Turning to the map’s overall design, I have to applaud DICE’s implementation of clustering. This new practice refers to how sectors of the map now require multiple capture points to be owned. It encourages squads to fight harder for a particular area to score points. In practice, this works well. There were times in my 40-minute matches where I rarely saw more than the couple of flags I was fighting to keep. This allowed me to quickly get intimate with the new location, figuring out new flanking routes and peeking angles.
That said, the map does feel particularly empty outside of capture points. These Battlefield maps are some of the largest that the series has ever seen, but I’m not overly convinced that’s a good thing. AI does its job in ensuring that there are always 128-players on the map at all times. However, with the newfound scale, I often found myself running for lengths of time without seeing another soul.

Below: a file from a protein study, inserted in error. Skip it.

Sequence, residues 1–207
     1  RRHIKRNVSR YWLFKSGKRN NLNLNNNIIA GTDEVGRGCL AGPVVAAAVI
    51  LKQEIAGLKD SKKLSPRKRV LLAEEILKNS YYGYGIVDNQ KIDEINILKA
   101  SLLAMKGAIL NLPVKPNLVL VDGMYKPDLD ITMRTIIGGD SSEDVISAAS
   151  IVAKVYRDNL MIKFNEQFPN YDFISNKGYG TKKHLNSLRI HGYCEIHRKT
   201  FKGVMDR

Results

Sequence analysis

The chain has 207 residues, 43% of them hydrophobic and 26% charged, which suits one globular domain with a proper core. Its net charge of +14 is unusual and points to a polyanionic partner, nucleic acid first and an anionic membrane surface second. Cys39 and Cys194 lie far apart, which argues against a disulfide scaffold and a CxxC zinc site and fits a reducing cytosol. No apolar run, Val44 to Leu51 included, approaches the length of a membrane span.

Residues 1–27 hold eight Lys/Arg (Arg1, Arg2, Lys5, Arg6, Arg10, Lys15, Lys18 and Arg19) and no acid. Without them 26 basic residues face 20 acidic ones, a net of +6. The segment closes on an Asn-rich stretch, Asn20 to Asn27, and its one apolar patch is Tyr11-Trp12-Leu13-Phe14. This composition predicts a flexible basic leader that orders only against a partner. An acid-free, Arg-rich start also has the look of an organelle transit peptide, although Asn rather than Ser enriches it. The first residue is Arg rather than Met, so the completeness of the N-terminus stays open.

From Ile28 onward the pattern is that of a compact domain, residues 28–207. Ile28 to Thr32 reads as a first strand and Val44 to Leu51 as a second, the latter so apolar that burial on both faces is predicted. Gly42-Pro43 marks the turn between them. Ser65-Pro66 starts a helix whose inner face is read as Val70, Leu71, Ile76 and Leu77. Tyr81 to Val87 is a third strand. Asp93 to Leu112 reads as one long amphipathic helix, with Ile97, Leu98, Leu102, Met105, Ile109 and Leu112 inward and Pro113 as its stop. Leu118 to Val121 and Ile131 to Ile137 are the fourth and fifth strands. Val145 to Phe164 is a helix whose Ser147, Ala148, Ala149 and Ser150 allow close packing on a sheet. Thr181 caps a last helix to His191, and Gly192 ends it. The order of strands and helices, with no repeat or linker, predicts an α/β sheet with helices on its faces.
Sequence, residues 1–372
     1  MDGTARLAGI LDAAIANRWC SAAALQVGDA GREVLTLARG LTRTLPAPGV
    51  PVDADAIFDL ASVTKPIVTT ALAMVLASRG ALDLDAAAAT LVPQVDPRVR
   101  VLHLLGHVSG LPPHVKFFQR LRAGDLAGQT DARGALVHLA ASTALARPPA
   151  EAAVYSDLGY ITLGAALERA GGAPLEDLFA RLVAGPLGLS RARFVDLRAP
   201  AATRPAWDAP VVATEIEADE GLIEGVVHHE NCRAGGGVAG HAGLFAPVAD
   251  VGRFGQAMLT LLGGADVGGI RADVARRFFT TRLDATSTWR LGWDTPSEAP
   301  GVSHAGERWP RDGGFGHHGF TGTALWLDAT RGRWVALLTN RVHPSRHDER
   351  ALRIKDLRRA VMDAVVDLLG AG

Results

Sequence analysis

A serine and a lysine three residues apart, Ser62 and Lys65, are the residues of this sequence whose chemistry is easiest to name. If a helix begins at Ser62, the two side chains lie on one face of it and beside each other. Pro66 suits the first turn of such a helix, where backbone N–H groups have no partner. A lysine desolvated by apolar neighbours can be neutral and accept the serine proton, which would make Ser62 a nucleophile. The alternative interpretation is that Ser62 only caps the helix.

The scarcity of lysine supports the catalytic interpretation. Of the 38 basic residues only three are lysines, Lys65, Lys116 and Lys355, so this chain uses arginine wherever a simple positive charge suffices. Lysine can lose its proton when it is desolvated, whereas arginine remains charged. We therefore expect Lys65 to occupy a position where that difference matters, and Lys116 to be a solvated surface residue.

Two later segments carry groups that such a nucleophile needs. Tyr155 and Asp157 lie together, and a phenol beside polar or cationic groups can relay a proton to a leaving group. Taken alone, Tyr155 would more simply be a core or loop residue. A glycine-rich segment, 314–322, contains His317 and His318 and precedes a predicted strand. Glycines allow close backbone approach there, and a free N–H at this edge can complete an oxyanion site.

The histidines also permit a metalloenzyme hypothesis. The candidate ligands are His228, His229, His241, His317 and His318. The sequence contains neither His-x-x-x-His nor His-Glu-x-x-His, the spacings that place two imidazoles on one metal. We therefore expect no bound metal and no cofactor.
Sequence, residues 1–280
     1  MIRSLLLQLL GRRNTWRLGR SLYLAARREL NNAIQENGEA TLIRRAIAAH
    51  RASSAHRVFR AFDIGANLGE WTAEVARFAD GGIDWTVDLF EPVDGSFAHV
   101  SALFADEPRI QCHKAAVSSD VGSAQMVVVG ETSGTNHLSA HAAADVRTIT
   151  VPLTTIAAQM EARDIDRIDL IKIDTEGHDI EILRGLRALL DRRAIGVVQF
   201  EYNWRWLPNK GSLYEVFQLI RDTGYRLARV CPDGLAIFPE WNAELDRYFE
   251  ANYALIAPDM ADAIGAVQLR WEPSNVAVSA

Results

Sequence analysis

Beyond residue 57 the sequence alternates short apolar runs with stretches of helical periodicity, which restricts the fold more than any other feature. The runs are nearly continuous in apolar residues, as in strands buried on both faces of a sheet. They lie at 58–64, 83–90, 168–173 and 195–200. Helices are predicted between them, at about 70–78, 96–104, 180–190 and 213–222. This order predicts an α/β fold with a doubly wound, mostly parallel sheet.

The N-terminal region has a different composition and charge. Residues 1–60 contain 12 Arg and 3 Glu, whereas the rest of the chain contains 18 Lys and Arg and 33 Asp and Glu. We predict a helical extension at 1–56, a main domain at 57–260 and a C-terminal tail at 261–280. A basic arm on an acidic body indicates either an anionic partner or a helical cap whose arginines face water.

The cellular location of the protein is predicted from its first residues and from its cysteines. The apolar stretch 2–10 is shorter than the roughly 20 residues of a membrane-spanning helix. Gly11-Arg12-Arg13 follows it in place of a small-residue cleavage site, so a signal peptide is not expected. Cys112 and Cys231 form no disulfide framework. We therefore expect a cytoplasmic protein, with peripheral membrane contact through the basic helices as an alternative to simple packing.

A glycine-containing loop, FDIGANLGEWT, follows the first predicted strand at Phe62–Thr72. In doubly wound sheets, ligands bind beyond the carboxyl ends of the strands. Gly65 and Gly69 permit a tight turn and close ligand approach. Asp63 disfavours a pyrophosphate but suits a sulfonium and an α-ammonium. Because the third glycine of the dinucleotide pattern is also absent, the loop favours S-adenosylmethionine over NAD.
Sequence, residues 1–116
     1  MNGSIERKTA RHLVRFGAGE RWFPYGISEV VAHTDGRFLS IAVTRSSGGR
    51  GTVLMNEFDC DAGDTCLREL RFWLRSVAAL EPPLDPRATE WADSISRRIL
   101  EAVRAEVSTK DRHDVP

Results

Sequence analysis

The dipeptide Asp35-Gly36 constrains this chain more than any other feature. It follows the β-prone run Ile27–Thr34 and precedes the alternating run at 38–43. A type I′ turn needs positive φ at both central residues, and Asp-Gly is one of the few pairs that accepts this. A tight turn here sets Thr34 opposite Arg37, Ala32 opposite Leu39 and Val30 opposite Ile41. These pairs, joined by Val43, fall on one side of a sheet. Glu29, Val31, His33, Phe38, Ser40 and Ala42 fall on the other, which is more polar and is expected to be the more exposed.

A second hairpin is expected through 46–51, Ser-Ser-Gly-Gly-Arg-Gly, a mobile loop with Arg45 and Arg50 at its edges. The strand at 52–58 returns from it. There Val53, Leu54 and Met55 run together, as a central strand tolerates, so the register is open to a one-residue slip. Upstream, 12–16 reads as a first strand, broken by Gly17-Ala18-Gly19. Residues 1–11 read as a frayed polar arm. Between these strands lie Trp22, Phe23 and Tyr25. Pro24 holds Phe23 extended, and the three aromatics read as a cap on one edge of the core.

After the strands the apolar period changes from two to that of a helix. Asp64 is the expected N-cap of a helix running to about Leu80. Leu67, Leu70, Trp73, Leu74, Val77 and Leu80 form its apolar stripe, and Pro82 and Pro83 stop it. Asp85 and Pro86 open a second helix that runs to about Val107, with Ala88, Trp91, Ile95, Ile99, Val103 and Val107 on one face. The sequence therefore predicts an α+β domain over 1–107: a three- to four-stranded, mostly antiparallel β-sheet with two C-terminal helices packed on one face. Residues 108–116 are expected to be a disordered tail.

And it’s especially easy to be caught with your pants down while traversing the landscape of Orbital. A lot of the space outside of capture points is wide open with very little decoration for cover. Even inside the rocket assembly building – a huge tower with a flag situated at its peak – the lower floor has massive open spaces that feel unnerving unnatural.
Gunplay is a genuine highlight
It’s a good job, then, that the gunplay of Battlefield feels relatively satisfying to execute. A return to modern weaponry means that we see the return of several classic favourites alongside the new arsenal. Players are afforded one weapon of each class to begin with, but will unlock more as they play more with each weapon category.